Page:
Their ex-husbands are among the 20 percent who pay alimony after a separation, according to data from the welfare ministry. About 74 percent of custodial parents the U.S. receive full or partial child support from their former spouses, according to U.S. census bureau data.
“Most divorces in Japan are settled by consent, which doesn’t mandate a child-support agreement,” said Miyuki Shimoebisu, an associate professor at Tohoku University in Sendai, who has studied divorce settlements in Japan and the U.S.
“Even when a child-support agreement is legally agreed on, there aren’t mechanisms available to single mothers to ensure they get payments.”
The government subsidizes vocational training for about 10,000 single mothers annually, according to the welfare ministry. A separate program which spent ¥17 billion over five years to help single parents jobs was scrapped in March. An advisory panel to the government said it was not a cost-effective way to help them into the workforce.
Abe’s administration wants to boost the employment rate for women aged 25 to 44 to 73 percent by 2020 as Japan seeks to counter its aging and declining population. The figure was 69.5 percent in 2013, versus 91 percent for men.
Only 39 percent of single mothers are in regular work, versus 67 percent for fathers raising kids on their own, welfare ministry data show.
Suzuki said she is looking to the future with hope and trepidation. She has not been able to begin preparing for retirement and earns about ¥2.7 million a year, compared with the welfare ministry’s estimate for average annual income of ¥5.4 million.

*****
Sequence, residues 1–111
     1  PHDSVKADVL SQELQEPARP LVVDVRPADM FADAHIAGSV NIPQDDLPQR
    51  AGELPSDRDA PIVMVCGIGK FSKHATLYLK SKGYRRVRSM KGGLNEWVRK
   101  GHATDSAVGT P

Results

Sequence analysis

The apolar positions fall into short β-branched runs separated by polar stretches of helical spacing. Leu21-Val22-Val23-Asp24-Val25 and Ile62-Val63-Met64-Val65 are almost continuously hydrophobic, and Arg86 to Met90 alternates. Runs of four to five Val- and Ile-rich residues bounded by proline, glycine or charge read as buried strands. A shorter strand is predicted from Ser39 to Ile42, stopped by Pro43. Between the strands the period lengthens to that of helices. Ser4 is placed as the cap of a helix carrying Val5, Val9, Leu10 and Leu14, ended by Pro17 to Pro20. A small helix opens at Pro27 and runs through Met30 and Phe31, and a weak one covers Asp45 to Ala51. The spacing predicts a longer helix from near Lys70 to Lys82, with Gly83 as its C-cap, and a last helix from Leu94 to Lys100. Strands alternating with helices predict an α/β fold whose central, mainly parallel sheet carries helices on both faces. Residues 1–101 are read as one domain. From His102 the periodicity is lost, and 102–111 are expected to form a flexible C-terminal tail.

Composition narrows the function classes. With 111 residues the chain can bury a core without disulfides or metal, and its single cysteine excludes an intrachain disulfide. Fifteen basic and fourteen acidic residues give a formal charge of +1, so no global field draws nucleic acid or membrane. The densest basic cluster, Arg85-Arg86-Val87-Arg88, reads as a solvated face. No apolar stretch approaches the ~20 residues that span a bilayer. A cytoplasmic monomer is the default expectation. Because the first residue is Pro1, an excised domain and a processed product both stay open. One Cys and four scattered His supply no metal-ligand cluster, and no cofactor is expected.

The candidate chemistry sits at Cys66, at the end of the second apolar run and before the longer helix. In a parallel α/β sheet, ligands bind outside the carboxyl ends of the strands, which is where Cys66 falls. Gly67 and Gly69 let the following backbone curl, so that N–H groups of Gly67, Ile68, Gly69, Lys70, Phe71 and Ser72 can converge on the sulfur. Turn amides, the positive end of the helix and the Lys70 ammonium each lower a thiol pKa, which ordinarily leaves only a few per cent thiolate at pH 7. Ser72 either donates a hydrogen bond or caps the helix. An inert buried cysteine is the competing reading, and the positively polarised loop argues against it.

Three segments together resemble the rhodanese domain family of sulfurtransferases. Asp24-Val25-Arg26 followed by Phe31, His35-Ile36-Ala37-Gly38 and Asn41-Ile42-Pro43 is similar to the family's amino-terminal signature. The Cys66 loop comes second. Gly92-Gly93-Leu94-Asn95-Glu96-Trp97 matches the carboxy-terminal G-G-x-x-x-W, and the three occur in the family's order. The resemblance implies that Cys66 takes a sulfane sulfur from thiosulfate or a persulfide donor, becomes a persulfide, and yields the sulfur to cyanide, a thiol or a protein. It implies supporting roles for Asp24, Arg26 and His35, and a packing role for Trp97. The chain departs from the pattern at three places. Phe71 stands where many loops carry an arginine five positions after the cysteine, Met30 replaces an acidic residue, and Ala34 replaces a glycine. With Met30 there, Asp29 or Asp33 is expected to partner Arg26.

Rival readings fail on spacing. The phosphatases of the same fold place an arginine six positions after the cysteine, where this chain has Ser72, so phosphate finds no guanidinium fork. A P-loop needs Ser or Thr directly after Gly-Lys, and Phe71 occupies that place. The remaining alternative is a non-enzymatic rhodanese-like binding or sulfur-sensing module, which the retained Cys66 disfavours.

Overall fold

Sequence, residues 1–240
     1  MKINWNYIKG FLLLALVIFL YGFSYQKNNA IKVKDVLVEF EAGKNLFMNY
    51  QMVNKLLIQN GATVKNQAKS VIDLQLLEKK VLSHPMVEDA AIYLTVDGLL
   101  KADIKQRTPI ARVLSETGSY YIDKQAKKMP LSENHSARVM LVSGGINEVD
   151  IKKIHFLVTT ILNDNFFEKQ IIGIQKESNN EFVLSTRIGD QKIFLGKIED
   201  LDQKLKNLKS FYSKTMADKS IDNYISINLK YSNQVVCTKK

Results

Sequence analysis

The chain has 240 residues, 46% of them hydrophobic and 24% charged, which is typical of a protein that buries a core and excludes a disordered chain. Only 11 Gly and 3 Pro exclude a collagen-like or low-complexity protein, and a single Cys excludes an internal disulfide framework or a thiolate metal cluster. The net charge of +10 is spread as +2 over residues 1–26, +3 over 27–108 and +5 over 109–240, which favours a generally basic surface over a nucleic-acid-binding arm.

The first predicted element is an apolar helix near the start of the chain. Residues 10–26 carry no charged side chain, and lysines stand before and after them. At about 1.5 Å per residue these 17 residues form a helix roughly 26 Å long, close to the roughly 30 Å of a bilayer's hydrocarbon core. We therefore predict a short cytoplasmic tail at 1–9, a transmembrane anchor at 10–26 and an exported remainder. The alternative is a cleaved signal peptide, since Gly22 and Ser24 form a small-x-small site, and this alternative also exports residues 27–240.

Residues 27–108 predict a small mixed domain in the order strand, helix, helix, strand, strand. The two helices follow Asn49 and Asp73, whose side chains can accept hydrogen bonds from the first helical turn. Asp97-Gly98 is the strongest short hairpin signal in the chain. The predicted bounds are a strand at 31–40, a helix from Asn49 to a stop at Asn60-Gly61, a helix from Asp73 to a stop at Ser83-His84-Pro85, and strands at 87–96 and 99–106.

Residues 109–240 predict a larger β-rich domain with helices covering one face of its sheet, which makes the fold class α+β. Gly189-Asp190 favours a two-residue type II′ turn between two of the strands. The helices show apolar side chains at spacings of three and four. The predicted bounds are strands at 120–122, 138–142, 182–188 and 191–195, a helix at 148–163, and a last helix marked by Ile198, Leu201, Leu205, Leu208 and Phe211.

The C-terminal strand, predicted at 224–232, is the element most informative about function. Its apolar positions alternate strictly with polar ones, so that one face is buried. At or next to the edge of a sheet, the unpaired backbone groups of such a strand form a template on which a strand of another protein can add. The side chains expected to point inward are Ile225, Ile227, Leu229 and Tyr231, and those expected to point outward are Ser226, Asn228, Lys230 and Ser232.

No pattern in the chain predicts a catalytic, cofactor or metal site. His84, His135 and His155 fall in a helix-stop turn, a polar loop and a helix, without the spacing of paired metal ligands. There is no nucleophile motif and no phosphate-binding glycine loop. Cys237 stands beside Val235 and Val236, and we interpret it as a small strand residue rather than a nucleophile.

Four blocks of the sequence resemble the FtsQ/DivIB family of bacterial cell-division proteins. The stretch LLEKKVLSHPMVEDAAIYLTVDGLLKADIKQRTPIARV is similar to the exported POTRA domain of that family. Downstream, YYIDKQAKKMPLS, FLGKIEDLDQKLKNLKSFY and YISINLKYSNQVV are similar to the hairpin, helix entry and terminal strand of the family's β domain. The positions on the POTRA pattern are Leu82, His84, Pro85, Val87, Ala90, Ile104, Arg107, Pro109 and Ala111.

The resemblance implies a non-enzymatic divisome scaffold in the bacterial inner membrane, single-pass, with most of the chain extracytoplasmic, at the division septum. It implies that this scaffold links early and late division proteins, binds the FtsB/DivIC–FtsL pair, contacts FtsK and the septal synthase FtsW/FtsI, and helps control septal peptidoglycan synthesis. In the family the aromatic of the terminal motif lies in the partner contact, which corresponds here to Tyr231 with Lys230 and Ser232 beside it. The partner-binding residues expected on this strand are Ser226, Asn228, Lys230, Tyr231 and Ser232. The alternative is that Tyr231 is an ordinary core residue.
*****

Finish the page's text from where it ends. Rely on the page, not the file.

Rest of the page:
Using OECD standards, the welfare ministry measured the poverty line in Japan at about ¥1.2 million in 2012. Almost 55 percent of households with one adult and children fell below that.
The average across the OECD for poverty among working single parents is about 21 percent, according to a report from the Paris-based organization, citing data covering 2008 to 2011. The were no figures for South Korea.
With little experience to draw on, she entered a one-year program in 2012 run by Goldman Sachs Group Inc.’s Japan unit. It provides networking and career guidance to single mothers and has assisted about 130 people over the past five years, said Kumiko Masaki, who oversees the Tokyo-based project.
Suzuki’s goal over the next few years is to go into business for herself as a child care adviser to boost her income. Eventually she would like to set up her own children’s bookstore.
“I calculated how much money I was likely to earn before retirement,” said Suzuki. “It wasn’t enough.”
IN FIVE EASY PIECES WITH TAKE 5